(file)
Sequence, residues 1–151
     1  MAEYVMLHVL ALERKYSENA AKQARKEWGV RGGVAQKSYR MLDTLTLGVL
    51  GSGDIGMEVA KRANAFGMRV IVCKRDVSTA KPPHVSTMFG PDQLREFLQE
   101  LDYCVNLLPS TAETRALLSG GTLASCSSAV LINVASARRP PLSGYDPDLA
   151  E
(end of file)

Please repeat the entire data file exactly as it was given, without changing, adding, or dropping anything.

Sequence, residues 1–151
     1  MAEYVMLHVL ALERKYSENA AKQARKEWGV RGGVAQKSYR MLDTLTLGVL
    51  GSGDIGMEVA KRANAFGMRV IVCKRDVSTA KPPHVSTMFG PDQLREFLQE
   101  LDYCVNLLPS TAETRALLSG GTLASCSSAV LINVASARRP PLSGYDPDLA
   151  E